Overview

Superman #666

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Superman #666

Credits

  • Words: Kurt Busiek
  • Art: Walter Simonson
  • Inks: Walter Simonson
  • Colors: Sinclair and Loughridge
  • Story Title: The Beast from Krypton
  • Publisher: DC Comics
  • Price: $3.99
  • Release Date: Aug 22, 2007

The Man of Steel is dragged into a supernatural nightmare. Will he be damned to Hell forever? Or can a multitude of guest-stars save him from the fiery depths?

After Batman reaching this ominous issue number recently, it’s now the turn of Superman to give us an issue 666 with a suitably devilish theme. Pitting Superman against the forces of magic, one of his few weaknesses, this is ostensibly a complete-in-one story. However, there are further hints that at least one key element of the plot may be leading to something far greater in the future.

When the Phantom Stranger turns up at the Daily Planet offices with a dire warning for Clark Kent it leads to a frighteningly callous and brutal change of personality for Krypton’s last son. Having given up on everything he stands for, and everyone he loves, has Superman finally succumbed to a darker side of his alien origins? And what surprise part does his Kryptonian heritage play in this demonic threat?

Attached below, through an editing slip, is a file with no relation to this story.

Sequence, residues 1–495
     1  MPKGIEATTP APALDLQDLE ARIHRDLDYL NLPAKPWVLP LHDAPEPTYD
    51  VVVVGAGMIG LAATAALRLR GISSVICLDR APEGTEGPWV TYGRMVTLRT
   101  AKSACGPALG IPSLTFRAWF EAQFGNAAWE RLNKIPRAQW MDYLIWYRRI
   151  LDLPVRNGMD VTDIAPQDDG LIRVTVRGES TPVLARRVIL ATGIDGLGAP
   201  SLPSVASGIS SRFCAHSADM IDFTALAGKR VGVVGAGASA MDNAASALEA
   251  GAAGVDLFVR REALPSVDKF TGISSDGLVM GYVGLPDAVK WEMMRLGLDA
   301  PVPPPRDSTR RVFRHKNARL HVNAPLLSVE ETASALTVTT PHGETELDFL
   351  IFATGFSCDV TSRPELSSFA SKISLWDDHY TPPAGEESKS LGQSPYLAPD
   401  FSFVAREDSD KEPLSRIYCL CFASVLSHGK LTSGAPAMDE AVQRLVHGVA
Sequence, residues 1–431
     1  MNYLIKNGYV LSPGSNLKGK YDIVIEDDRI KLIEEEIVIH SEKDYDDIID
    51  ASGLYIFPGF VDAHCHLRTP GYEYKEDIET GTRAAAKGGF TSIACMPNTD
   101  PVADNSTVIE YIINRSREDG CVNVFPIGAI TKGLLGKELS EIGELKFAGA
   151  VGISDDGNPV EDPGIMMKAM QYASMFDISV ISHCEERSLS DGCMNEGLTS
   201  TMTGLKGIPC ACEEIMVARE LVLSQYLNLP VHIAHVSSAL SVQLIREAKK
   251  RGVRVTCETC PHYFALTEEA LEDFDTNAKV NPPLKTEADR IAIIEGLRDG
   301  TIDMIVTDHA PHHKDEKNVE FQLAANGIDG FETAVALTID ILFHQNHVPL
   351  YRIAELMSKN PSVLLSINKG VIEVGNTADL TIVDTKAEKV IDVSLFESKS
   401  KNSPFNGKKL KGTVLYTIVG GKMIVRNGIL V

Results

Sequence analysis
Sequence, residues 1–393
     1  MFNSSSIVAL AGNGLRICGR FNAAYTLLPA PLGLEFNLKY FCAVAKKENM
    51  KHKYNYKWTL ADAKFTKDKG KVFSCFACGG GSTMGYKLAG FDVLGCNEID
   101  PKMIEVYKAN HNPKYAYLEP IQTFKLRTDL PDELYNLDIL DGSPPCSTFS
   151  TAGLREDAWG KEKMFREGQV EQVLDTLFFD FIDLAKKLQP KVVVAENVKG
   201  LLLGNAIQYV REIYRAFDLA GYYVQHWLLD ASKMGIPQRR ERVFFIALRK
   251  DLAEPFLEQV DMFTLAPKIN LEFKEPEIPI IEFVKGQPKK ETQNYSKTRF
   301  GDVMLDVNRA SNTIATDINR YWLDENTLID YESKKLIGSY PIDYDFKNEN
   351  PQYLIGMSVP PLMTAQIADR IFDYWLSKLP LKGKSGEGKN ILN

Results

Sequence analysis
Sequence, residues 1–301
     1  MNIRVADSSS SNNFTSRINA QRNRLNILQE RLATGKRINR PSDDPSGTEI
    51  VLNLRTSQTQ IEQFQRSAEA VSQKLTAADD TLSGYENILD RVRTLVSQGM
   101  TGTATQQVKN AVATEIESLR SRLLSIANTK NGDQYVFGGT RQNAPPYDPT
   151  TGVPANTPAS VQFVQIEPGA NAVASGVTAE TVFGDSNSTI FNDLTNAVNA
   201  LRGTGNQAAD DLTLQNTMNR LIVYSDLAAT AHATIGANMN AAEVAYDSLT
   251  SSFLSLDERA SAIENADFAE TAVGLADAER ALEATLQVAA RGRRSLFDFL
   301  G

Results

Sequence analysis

Kurt Busiek’s recent run of stories on Superman and Action Comics has deserved much more buzz in fandom than it’s been receiving. There’s been an unpredictable mix of Superman tales from traditional super-heroics to the mystical right through to embracing some of the wackier elements of the Silver Age (albeit with a refreshing modern day sensibility). Busiek provides another winner this month with a trip to Hell that has an epic, big-screen feel throughout.

Walter Simonson’s art is a sublime fit for Busiek’s plot, ably capturing the scale of events with some suitably placed "pin-up" pages. His out-of-control Superman is a quite chilling image and his depiction of Hell and its denizens is grotesque yet magnificent. This issue deserves the double-sized page count. It lets the story breathe, ensures the pacing isn’t lost over two issues and gives us 38 glorious pages of Walter Simonson art!

Busiek crams in a number of guest characters as befits an "anniversary" issue, some in featured roles and others in cameos. The revelation of the origins of the story’s villain is imaginative and clever and teases us with the possibility that all is not quite right with the Man of Steel’s continuity timeline. I suspect there may be the seeds of a bigger Countdown/Final Crisis plotline being planted here…

Kurt Busiek’s imagination has given us some quite wonderful (and most importantly fun!) Super-books of late. If delays elsewhere in the Superman line had put you off following the Man of Steel’s adventures then now is the time to jump right back on board. You really won’t be disappointed!

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